Fw: Viridian Note 00233: Mutant Space Fungus

From: Jay Gooby (jay@futureplatforms.com)
Date: Mon Mar 19 2001 - 03:02:51 PST

Critchon's Andromeda Strain anyone?

From: "Bruce Sterling" <bruces@well.com>

> Key concepts: Mir space station, fungus
> Attention Conservation Notice: Just plain weird,
> and of rather dubious Viridian relevance.
> **********************************************************
> Entries in the Reddy Kilowatt Makeover Contest:
> http://www.stanford.edu/~amberk/Greeny_Megawatt.html
> http://crashvx.freeservers.com/viridian/greeny/
> http://www.digitaleverything.com/Reddy.jpg
> http://www.carladiana.com/reddi.jpeg
> http://ccwf.cc.utexas.edu/~collettj/greeny_megawatt.jpg
> http://www.geocities.com/dheedid/reddy.htm
> http://www.unclestu.com/Viridian/Reddy/reddy.html
> Viridian Contest Archive:
> http://www.bomoco.com/Viridian/Greenie/greenie.htm
> This contest ends very soon: March 20, 02001
> *********************************************************
> Source: Reuters
> "Tuesday March 6, 02001
> 9:32 AM ET
> "Mutant Bacteria Next Threat From Russia's Mir
> (((Gotta love that headline!)))
> "MOSCOW (Reuters) == Forget the danger of heavy-weight
> debris raining down from space when Russia sends the Mir
> orbiter to a watery grave this month == the real threat
> could be mutant fungi, a researcher said Tuesday.
> "Yuri Karash, an expert on the Russian space program, said
> there was a possibility that micro-organisms, which have
> spent the last 15 years mutating in isolation aboard Mir,
> could present a threat if they survived the fall to Earth.
> "'I wouldn't overstate it ... but a realistic problem
> exists,' Karash told a news conference."
> (((I'm not particularly worried about the environmental
> threat from space fungus. People and goods have been
> shuttling out of the fungus-reeking Mir for years now, and
> they must have been carrying millions of spores.
> Nevertheless, I have to consider this bit of reportage a
> signature Year 2001 moment. Here we've got a stone-dead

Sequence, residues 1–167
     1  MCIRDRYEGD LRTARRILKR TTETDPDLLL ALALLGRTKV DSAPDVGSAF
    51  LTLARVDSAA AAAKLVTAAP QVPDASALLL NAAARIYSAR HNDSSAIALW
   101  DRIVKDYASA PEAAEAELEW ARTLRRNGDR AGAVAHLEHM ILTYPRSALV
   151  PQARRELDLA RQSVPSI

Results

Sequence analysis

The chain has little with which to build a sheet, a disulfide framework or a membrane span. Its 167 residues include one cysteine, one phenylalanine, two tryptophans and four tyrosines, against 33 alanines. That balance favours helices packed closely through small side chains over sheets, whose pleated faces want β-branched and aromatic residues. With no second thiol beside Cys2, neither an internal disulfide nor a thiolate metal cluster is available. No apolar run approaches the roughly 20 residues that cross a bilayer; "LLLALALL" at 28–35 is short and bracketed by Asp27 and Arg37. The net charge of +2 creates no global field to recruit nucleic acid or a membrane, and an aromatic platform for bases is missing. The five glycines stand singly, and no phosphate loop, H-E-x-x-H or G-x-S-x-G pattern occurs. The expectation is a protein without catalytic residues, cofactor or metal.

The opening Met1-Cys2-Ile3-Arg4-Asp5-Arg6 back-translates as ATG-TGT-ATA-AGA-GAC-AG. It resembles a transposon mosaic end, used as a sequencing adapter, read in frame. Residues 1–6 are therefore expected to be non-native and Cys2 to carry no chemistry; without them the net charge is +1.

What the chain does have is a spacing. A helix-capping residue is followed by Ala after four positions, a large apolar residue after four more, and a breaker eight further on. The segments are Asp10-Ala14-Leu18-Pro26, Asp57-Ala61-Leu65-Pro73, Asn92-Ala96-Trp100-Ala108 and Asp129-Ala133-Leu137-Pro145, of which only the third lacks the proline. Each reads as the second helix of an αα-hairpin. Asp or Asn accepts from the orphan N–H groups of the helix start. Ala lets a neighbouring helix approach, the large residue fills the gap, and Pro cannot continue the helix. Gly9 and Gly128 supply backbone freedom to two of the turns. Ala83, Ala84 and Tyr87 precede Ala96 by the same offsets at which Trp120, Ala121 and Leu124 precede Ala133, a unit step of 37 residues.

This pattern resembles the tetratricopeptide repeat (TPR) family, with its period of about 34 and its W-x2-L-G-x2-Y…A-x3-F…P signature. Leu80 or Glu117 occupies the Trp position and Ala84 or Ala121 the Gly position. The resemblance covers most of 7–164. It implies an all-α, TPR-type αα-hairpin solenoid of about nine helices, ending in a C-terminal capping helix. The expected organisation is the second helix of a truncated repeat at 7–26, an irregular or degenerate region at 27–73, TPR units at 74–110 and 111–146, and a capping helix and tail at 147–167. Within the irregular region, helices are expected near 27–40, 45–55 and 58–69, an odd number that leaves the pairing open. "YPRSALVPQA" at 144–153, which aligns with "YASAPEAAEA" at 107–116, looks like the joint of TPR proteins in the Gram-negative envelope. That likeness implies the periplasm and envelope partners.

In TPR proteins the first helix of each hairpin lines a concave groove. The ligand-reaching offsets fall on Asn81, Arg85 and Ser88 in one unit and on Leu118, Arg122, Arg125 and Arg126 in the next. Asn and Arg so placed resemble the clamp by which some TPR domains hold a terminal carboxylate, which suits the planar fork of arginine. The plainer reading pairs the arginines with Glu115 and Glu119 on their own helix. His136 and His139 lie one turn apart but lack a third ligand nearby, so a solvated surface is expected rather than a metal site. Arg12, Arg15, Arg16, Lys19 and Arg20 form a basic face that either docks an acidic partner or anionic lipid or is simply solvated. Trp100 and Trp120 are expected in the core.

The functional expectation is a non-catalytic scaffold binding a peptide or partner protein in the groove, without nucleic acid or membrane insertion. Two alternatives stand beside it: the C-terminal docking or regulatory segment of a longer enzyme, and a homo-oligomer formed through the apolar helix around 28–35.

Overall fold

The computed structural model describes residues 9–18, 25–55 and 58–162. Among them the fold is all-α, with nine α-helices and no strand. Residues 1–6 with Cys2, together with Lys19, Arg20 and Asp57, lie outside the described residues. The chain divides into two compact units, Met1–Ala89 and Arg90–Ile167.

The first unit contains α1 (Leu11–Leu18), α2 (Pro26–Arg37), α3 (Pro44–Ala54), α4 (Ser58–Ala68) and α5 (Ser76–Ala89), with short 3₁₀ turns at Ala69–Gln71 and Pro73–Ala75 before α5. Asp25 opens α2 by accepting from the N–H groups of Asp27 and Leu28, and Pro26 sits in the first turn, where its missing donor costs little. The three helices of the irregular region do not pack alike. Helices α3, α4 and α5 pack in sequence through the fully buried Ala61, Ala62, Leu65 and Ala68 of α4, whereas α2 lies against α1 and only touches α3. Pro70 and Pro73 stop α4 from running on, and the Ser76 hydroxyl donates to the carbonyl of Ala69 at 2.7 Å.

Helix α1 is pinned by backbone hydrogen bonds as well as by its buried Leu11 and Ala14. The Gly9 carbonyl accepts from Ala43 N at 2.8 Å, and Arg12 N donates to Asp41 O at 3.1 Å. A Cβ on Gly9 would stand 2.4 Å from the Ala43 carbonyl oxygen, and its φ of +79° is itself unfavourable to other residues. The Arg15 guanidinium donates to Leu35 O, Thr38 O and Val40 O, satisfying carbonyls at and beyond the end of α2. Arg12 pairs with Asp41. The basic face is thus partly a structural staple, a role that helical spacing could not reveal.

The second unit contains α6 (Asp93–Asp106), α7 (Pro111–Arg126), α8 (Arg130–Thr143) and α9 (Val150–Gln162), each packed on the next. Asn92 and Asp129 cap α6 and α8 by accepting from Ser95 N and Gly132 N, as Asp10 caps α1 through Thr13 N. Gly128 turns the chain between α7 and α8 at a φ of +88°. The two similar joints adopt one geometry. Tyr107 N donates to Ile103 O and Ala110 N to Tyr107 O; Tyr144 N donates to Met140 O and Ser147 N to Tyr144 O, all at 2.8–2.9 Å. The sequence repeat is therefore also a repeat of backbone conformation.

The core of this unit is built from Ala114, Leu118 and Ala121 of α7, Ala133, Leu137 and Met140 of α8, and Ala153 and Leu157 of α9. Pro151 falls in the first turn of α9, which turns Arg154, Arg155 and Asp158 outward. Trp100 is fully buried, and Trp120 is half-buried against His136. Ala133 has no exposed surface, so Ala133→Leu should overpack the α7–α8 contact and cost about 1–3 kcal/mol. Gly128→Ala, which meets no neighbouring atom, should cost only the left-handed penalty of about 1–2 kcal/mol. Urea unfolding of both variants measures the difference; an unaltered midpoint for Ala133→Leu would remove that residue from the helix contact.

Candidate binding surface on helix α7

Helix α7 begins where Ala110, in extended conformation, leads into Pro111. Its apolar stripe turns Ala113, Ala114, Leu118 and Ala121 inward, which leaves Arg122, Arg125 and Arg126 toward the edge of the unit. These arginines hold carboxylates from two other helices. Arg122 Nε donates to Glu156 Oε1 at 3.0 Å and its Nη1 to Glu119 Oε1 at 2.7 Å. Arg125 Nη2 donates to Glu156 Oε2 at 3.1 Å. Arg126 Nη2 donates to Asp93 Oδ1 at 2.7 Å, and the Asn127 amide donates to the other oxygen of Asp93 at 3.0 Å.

> space station which is not just technically obsolete and
> financially broke, but infested with organisms unknown to
> science. So much for the Space Age. This is what comes
> of heroically Storming the Cosmos in a shiny projectile
> and forgetting that we live in a biosphere. Those heroic
> little Russian space bugs have been at it longer than
> Laika did; with fifteen years' faithful service, they're
> the planet's truly veteran cosmonauts.)))
> "Karash, who has undergone cosmonaut training and is an
> aerospace advisor, said his conclusions were based on
> research carried out by Russia's Institute of Medical and
> Biological Problems.
> "Researchers have said that the fungi could be especially
> virulent if mixed with earth varieties that attack metal,
> glass and plastic. (((It'd be quite the page-one story if
> a fungus returned from space and physically devoured
> industrial civilization.)))
> "Western health officials have in the past expressed
> concerns about micro-organisms that could be brought back
> to earth after a Russian microbiologist 13 years ago
> discovered the first of many aggressive forms of fungi
> inhabiting Mir.
> "Russian space officials have played down the threat, but
> visitors to the orbiter have found numerous types of fungi
> behind control panels, in air-conditioning units and on
> dozens of other surfaces." (((Wonderfully reminiscent of
> the Japanese camp sci-fi classic MATANGO, FUNGUS OF
> TERROR. They don't just *live* in the dead space station
> == they're *decomposing* it.)))
> O=c=O O=c=O O=c=O O=c=O O=c=O O=c=O
> O=c=O O=c=O O=c=O O=c=O O=c=O O=c=O

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